Posts Tagged ‘Silver Dollars’

Rare Coin Market Update

The Market in 2018

The coin market has continued to show some consolidation in 2018, continuing the trend we have seen for the last few years. The Professional Numismatists Guild (PNG) estimated that in 2017 the size of the Rare Coin market was about 3.5 billion dollars. This is down from 4 Billion dollars in 2016. Several major coin collections have come to market and it takes a while for these coins to be absorbed The rapidly rising stock market has also taken some of the wind out of the sails (and sales) of Rare Coins. With the Dow Industrials hovering around 25,000, the emphasis has been on paper assets as of late.

This is great news for those that have a 401k and stocks. Very few people predicted such a strong stock market and it’s been good for the economy. The market for Rare Coins and Precious Metals over the last few years has been quiet and the strength in stocks is partly to blame.

The PCGS 3000 is a composite index of Rare coin prices. Below is the index for the past 10 years. As we can see there was a little weakness starting to show in the beginning of 2015. That weakness accelerated in 2016. There has been about a 20% drop in the index in the past 3 years or so. These types of swings are not uncommon to the Coin Market and have happened in both directions many times over the years.

The PCGS 3000 Rare Coin Index Back to 2008


So What’s the Good News?

Prices for nice coins haven’t been this attractive in years. The market usually rewards those who are patient and can afford to wait. There are some nice coins coming on to the market and there are some great opportunities right now. This is a great time to fill some spots in your collection.

Next Time – Which areas look like a bargain?

Stay tuned. Next time I’ll highlight some areas in the market that seem to be a good value at these levels.

Why your 1922 Peace Dollar is Probably not worth 100K

Why your 1922 Peace Dollar is Probably not worth 100K

1922 Peace Dollar

1922 Peace Dollar High Relief


In 1921, the U.S. Mint began production of the new “Peace” design for silver dollars, a design commemorating peace after the end of World War I. The designer, Anthony de Francisci, intended for the coin to be struck in “high relief”, which resulted in a boldly raised design. In 1921 the Peace Dollars were struck in this way, but despite the medal-like beauty of the high relief, the U.S. Mint decided to strike the coins in low relief from 1922 to 1935. The high relief design was just too stressful on the machinery, and resulted in many broken dies. Reluctantly, de Francisci agreed to create a new plaster mold with a lower relief, and starting February 13, the 1922 Peace dollar was made in “low relief.”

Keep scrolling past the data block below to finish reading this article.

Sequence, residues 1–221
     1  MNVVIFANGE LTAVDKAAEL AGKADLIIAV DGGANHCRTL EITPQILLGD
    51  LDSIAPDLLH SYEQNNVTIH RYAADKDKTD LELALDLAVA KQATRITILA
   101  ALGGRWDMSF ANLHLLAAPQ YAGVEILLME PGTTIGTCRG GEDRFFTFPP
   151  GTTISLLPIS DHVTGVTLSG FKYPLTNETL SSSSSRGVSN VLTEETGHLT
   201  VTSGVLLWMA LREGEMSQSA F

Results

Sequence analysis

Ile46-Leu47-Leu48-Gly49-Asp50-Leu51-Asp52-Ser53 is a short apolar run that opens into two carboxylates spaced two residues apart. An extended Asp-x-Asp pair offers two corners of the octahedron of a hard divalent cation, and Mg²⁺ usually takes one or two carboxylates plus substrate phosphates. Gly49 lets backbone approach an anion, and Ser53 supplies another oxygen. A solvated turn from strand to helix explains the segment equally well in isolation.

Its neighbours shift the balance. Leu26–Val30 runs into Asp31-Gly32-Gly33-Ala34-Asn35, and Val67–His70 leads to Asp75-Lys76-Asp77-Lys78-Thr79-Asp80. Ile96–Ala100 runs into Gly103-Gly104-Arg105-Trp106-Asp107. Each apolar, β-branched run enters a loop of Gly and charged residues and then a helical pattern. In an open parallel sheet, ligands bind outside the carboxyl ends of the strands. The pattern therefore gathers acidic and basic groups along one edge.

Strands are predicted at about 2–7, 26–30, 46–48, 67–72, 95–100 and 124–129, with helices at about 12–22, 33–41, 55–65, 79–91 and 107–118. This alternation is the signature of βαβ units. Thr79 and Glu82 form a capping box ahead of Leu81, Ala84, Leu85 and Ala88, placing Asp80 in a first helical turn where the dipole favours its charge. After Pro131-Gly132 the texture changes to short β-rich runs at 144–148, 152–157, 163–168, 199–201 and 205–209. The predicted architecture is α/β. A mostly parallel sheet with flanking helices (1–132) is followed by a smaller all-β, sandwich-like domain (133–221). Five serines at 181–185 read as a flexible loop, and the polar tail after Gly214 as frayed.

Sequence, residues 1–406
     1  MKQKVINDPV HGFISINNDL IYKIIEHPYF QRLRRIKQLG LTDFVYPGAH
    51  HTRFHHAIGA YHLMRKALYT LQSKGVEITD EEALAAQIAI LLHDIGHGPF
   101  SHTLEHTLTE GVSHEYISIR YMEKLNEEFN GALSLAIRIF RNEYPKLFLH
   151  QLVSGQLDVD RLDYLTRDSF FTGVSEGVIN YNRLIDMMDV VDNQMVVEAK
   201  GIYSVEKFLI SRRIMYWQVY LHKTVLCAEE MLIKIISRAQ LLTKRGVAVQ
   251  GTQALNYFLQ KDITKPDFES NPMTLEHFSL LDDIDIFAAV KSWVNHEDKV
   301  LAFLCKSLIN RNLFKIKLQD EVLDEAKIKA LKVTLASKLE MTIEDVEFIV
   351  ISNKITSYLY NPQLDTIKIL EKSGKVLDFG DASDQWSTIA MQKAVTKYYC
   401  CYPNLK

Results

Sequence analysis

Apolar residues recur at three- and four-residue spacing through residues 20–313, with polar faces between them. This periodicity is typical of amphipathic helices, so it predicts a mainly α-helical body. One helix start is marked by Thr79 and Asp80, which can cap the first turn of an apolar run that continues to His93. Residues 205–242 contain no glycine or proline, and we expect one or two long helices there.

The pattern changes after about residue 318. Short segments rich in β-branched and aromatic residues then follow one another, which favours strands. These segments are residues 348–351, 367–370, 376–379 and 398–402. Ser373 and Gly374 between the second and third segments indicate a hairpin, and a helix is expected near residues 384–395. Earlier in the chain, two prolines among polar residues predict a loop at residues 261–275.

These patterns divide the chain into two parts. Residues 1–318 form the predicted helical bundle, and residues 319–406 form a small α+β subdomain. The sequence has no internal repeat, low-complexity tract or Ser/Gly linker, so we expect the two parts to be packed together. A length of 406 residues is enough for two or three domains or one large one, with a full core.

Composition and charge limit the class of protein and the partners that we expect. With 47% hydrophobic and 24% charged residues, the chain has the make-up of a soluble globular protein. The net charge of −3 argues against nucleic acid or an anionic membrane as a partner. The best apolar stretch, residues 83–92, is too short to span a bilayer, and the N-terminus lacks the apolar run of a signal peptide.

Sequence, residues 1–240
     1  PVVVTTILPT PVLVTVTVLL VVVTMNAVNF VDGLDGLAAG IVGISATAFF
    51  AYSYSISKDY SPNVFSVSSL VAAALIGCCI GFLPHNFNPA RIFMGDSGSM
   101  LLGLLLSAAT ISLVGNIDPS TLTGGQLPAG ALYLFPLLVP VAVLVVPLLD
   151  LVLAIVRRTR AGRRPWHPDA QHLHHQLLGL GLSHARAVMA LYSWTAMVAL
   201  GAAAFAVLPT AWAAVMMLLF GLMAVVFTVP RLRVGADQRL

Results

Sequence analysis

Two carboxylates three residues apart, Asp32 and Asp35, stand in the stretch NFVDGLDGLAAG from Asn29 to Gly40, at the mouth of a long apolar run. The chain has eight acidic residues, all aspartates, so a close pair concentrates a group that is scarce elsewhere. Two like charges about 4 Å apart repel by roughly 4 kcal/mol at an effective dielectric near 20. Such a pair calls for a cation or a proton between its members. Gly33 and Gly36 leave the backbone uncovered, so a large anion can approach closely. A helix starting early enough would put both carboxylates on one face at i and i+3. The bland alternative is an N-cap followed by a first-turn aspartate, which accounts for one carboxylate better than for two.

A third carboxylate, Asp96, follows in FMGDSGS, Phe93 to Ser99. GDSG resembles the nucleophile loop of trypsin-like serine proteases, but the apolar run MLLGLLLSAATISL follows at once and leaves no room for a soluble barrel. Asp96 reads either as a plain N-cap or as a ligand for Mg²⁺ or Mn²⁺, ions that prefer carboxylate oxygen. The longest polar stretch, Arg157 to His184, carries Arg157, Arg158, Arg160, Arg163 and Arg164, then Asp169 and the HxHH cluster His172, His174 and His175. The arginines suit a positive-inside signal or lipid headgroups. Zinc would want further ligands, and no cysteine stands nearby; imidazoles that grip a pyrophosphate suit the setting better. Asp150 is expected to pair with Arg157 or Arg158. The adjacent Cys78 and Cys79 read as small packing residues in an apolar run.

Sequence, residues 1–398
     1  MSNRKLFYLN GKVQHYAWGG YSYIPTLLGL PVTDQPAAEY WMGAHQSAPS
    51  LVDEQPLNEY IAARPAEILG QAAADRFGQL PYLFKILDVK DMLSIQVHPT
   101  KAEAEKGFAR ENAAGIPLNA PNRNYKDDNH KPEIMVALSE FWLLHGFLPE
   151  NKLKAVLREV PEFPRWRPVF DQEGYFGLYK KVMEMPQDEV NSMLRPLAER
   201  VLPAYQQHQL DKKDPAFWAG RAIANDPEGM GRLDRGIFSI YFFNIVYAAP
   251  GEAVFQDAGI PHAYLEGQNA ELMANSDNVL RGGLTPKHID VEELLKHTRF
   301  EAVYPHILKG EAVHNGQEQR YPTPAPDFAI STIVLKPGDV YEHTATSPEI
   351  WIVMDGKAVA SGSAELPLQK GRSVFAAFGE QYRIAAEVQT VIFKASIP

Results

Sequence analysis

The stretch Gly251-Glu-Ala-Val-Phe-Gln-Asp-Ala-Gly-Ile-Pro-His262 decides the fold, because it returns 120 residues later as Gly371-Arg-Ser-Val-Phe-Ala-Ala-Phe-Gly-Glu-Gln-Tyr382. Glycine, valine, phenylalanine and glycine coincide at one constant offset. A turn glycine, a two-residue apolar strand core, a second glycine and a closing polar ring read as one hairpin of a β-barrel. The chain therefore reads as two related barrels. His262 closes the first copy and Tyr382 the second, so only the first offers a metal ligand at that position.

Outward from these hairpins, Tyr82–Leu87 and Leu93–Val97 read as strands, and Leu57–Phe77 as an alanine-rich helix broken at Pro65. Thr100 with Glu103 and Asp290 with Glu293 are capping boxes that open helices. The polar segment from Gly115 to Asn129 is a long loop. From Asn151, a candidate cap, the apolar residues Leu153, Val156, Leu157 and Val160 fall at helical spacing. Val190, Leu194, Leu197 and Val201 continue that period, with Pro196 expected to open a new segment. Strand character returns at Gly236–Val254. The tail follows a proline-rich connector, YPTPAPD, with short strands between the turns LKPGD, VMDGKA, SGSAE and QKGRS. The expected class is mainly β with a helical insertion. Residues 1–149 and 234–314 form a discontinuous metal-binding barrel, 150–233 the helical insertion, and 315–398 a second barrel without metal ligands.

Authenticating the 1893-S Morgan Dollar

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Authenticating the 1893-S Morgan Dollar is not difficult given the right tools and some patience. The 93-S is the key date to the series.  It’s tiny mintage of only 100 thousand coins makes it the lowest mintage regular issue Morgan Dollar in the entire set. With values in Very Good condition in the $2,500.00 range and nice Extra Fines approaching $10,000.00, it’s easy to see why this date is tempting for counterfeiters.

Most of the fakes are made from altering another coin rather than striking them or casting them (although these exist as well).

The Three Keys to Authenticating the 1893-S Morgan Dollar

The keen numismatist has a distinct advantage with this issue.  Since the mintage was so low, only one obverse die  was used, allowing detailed study.  The coin has a few distinct diagnostics.  Here are the two most important ones.  First, get yourself a good 20x loupe – it will pay for itself many times over if it saves you from buying a bad 93-s.

First Two Major Diagnostics

Note the horizontal line at the top of the “T” and the chip in the foot of the “R”


All genuine 1893-S Morgan Dollars have a horizontal die scratch within the “T” of “LIBERTY” on the headband.(see photo) This scratch is going to be raised metal within the “T”.  I realize that it’s a pretty small scratch, but the key to remember is that it’s on EVERY genuine coin.  Even lower grade ones.  The “T” is recessed enough to protect the raised scratch from wearing off. Also, there are two small die chips in the left upright of the letter “R”.  Again, this is on every genuine coin.

Third Diagnostic

Also the base of the “1” in the date lies almost directly over a denticle. You can draw an imaginary line from the center of the denticle straight through the center of the “1”. Use this as secondary confirmation after you find the primary ones above.  Only use this diagnostic as an additional confirmation once the above two are found.  It is not enough just to have this one as some other 1893 dollars can be found with this date positioning. Armed with this information, you can be pretty sure you have a genuine coin.  Once you’re certain of that, then focus on the grade and make sure you are paying a fair price. (That’s another blog entry entirely!).

Use these tips and authenticating the 1893-S Morgan dollar will be in your power to do!


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